Islanders have been reporting a mysterious low humming noise around the island, with theories of its origins ranging from wailing whales to blaring boats.
The ‘hum’ has been reported on several times over the years in Jersey, with a Government page now even set up to try advise islanders on how to deal with it.
Speaking to Express, a St. Lawrence resident, who wished to remain anonymous, stated that she had been experiencing the hum for two years now.
Describing the noise, she said: "The explanation that I give that I find best works, is I think it's like very deep underground electrical current or electrical piece of machinery that's working, but really deep, it's such a low frequency, and it's very, very big."
"It feels like... a power station under Jersey," she added.
Pictured: Some islanders described how the sound was keeping them awake at night.
Contrary to suggestions she had received from others, she said it was "absolutely not boats," but rather a "deep, low frequency you can feel within your body."
Though her husband could not hear the noise, she said when she had flagged it up on social media a few months ago, a number of people in the same area also replied having experienced the same thing.
Now again, islanders on the Jersey Ask! Advise! Advertise! page have taken to express their frustration and intrigue around the noise, after a post from someone else on the topic racked up over 100 comments.
The post stated: "I've just woken up and can't get back to sleep due to what's seems to be a very low frequency drone / hum... very difficult to explain but you can almost feel it!"
In response, a great majority of commenters gave similar accounts from across the island, from St Ouen's Bay to Mont Millais.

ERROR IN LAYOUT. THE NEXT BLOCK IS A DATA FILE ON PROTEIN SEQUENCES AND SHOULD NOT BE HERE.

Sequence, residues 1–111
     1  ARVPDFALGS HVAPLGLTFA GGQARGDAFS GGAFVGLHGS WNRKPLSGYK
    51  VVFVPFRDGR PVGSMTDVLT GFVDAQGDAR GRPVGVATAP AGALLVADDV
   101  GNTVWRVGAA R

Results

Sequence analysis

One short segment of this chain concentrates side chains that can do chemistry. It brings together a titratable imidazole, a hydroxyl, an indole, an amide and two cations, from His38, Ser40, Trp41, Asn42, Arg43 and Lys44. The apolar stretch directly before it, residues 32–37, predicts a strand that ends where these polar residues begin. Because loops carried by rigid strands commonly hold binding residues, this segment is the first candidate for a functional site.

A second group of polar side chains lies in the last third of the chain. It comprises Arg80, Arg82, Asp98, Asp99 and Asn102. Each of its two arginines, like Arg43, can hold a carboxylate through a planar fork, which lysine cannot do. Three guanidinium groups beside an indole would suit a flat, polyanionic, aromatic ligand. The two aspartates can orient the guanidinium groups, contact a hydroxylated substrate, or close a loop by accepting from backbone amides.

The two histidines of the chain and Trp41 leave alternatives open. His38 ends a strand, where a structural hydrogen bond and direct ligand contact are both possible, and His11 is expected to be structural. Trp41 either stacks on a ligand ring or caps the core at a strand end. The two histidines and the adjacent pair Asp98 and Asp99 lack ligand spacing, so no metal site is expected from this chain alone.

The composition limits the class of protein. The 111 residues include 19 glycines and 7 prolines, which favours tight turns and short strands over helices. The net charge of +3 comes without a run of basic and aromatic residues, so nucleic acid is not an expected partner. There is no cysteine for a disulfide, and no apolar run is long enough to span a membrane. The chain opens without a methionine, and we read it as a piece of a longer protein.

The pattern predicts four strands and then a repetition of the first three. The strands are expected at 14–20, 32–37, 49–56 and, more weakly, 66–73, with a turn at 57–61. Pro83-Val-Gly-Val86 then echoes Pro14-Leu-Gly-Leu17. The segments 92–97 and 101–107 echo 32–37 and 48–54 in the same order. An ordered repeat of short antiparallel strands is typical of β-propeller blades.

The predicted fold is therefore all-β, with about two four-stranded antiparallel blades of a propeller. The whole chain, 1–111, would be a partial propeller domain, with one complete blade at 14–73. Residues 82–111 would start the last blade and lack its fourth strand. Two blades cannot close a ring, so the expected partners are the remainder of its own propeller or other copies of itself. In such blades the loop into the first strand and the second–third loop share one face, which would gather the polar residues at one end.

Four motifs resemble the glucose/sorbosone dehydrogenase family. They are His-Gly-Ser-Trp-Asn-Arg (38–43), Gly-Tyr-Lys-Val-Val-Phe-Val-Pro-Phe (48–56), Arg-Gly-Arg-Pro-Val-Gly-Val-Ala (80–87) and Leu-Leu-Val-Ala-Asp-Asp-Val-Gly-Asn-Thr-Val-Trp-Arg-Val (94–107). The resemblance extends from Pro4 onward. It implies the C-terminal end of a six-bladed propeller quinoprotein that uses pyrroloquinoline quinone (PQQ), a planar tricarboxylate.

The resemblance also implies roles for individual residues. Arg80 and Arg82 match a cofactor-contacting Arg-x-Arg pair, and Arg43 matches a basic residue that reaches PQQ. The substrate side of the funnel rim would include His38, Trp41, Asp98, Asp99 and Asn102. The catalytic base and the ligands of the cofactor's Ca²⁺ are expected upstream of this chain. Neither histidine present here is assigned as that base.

Speculation ranged from boats, to La Collette, to passing whales, to tinnitus, to underground drilling.
This range of thought was also seen in how people reacted to the hum, with some expressing how it drove them "nuts" or kept them awake at night, whilst others took a different view, with one even going so far as to describe it as "therapeutic."
Indeed, there has been a history of complaints on the noise, with a Government page set up to try and advise islanders on how to deal with it, which at the time of its creation had seen complaints go up in the three year prior.
"These complaints are very difficult for Environmental Health to investigate as the levels of noise are often barely audible and the source direction is unclear. Our noise equipment has difficulty detecting such low frequencies," it reads.
When asked by Express about the latest queries from islanders, a Government spokesperson said: "The information on gov.je is not up to date and we are not currently aware of any significant increase in complaints.
"As we do not record low frequency noise complaints separately from other noise complaints, there is no easy way to get accurate data without checking every noise complaint separately, which would exceed the time allowed for an FOI request.
"Low frequency noise complaints can be extremely difficult to deal with, particularly as such sounds can come from a variety of sources and can travel long distances.
"Anyone who has a problem with noise should report their concerns to Environmental Health, who will deal with each individual case."
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